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NONFICTION : EDGE CITY: Life on the New Frontier <i> by Joel Garreau (Doubleday: $22.50; 526 pp.)</i>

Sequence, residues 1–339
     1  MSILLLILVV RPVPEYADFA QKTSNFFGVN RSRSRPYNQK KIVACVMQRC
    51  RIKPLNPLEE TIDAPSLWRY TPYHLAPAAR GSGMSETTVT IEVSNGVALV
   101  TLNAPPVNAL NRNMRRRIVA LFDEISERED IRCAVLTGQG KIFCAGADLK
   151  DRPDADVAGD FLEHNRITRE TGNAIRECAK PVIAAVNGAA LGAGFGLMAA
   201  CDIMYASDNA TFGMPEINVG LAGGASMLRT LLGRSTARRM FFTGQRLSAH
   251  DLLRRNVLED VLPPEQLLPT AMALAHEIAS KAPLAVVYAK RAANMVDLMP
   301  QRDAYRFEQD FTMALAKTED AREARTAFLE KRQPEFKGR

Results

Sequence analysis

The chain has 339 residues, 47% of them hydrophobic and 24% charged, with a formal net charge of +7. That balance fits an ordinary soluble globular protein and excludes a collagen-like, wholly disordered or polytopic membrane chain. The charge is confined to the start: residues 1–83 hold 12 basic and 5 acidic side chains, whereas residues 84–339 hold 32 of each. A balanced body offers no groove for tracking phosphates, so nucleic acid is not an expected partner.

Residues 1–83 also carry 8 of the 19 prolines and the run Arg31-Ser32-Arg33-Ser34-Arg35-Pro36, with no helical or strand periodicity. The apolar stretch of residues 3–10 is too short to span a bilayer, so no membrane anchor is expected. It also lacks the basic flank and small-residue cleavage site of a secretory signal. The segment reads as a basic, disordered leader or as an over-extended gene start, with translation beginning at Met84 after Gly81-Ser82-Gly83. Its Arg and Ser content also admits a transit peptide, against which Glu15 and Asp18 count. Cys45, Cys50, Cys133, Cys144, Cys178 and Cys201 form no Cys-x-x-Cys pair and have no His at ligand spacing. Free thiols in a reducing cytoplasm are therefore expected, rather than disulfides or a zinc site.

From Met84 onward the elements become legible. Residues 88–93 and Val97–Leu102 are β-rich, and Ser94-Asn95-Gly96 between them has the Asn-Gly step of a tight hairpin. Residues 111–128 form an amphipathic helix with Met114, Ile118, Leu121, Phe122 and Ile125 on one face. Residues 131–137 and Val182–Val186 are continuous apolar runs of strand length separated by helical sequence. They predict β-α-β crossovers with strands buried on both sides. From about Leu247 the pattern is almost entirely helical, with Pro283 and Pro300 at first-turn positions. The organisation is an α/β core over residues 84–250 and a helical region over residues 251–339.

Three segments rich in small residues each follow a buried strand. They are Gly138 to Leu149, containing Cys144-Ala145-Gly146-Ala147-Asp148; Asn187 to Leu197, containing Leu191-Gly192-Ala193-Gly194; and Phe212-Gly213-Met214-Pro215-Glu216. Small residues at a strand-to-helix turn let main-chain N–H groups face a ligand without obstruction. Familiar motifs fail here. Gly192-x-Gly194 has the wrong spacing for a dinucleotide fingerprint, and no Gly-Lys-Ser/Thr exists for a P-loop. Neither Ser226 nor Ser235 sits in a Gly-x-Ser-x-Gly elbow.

By “edge city,” Washington Post senior writer Joel Garreau means those verdant landscapes where tree-lined office towers gaze at one another “through bands of glass that mirror the sun in blue or silver or green or gold,” where tasteful signs mark corporations “apparently named after Klingon warriors,” and where there are enough jobs, homes and entertainment to fulfill “all the functions a city ever has.” It’s certainly an appealing vision, and Garreau warmly and elegantly celebrates the way these communities have released us from the “shackles of the 19th Century city.” But while Garreau’s definition fits communities near his home, such as Tysons Corner, Va., it seems to unravel when he tries to apply it to other communities in an effort to suggest a national trend. The “edge cities” of El Segundo and Culver City, for instance, neither resemble the above landscapes nor seem to be more of a center of jobs, shopping, culture and entertainment fulfilling “all the functions a city ever has” than communities not listed as edge cities, such as Santa Monica and Manhattan Beach. Also questionable is Garreau’s notion that edge cities are supremely democratic, created by “wildly independent Americans . . . once again inventing a brand new culture,” for many of them, lacking mayors and city councils, are essentially run by the developers who founded them.


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